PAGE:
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Using Open Scholarship to Leapfrog Traditional Educational Barriers

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Mostly re-used slides for my keynote at African Council for Distance Education in Victoria Falls, Zimbabwe.

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Using Open Scholarship to Leapfrog Traditional Educational Barriers

  1. 1. Terry Anderson, Professor, Athabasca University Canada Dec. 2013 Using Open Scholarship to Leapfrog Traditional Educational Barriers
  2. 2. Republic of South Africa (2013) White paper for Post-School Education and Training - creating a post-school distance education landscape based on open learning principles. • It will consist of a network of education providers supported by learning support centres and/or connectivity for students. • Such a network will make available a wide range of learning opportunities to potential students that are closer to their homes and at times appropriate to their contexts. • well-researched, high-quality national learning resources (made available as open education resources [OER]), • collaborative development of learning resources, • more efficient use of existing infrastructure, and • an increasing emphasis on independent study as preparation for subsequent lifelong learning
  3. 3. Presentation Overview • Open Education Practices – Open Educational Resources – Open Texts – Open Data – Open Article Publishing – Open Pedagogy – Researching OE Practice
  4. 4. Definitions of Open on the Web (From Google) • affording unobstructed entrance and exit; not shut or closed; • affording free passage or access; • open to or in view of all; • accessible to all; • assailable: not defended or capable of being defended • loose: (of textures) full of small openings or gaps; • start to operate or function • not brought to a conclusion; • not sealed or having been unsealed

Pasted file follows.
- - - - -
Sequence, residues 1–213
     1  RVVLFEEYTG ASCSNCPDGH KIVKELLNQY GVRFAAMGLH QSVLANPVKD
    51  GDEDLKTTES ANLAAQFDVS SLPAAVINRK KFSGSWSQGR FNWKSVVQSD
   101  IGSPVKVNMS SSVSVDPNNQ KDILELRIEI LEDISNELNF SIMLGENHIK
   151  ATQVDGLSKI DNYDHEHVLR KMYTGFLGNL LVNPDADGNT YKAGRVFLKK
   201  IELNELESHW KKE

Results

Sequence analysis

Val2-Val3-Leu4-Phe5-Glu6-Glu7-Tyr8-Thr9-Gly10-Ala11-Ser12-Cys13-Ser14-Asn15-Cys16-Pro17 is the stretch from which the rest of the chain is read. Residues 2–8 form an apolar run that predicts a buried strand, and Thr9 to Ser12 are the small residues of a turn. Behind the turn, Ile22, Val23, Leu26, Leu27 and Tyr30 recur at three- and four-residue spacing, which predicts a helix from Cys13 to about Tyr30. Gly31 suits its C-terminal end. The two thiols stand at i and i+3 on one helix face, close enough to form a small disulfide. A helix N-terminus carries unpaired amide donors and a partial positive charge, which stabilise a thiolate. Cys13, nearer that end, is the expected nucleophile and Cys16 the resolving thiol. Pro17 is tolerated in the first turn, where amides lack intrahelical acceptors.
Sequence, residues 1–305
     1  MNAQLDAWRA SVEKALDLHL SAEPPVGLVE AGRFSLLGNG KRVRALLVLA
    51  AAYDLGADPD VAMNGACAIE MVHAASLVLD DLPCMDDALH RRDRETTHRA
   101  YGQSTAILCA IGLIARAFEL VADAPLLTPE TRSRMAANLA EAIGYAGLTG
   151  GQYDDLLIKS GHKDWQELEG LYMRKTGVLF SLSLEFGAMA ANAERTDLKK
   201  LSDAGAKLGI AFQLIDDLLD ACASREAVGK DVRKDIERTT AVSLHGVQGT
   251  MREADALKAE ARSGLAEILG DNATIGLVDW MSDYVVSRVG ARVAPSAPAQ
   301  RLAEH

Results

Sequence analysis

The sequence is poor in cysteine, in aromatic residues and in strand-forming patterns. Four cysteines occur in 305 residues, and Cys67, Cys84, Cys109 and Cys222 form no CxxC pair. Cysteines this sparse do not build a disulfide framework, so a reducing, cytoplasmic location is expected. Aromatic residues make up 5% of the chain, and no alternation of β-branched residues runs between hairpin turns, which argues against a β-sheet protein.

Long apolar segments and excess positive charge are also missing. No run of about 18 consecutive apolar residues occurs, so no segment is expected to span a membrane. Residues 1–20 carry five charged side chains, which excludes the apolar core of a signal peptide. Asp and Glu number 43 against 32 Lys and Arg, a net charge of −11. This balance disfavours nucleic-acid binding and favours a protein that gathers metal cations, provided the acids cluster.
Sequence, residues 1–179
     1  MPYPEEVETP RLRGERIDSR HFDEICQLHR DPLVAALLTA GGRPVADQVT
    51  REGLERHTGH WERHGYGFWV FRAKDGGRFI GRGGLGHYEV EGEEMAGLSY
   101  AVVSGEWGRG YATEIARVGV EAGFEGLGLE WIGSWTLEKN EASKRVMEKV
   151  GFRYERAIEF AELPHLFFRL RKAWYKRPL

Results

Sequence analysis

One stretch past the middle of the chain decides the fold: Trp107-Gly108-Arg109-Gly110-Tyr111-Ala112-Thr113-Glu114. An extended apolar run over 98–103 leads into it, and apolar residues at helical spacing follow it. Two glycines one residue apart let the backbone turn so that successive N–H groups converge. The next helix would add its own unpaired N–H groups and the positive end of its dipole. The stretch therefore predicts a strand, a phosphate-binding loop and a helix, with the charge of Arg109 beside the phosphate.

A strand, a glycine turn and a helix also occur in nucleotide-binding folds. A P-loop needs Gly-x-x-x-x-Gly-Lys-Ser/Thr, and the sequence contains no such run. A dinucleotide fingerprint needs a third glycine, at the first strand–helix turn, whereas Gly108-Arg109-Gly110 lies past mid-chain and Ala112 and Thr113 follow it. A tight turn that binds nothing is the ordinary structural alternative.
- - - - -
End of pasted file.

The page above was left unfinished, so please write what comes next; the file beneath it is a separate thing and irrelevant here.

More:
5. 5. Open Scholars Create: • A new type of education work maximizing: – Social learning – Media richness – Participatory and connectivist pedagogies – Ubiquity and persistence – Transparency – Open data collection and research process – Open network Creation
  6. 6. ‘50% of Canada’s Scholarly Publications will be out of business within two years due to open access competition.’ Athabasca Pres. Frits Pannekoek, 2013
  7. 7. Open Educational Practice Open learning and gaining access to open learning opportunities Beetham, H., Falconer, I., McGill, L. and Littlejohn, A. Open practices: briefing paper. JISC, 2012
  8. 8. Open Educational Practice Developing and applying open/public practices in teaching, research and service practice Beetham, H., Falconer, I., McGill, L. and Littlejohn, A. Open practices: briefing paper. JISC, 2012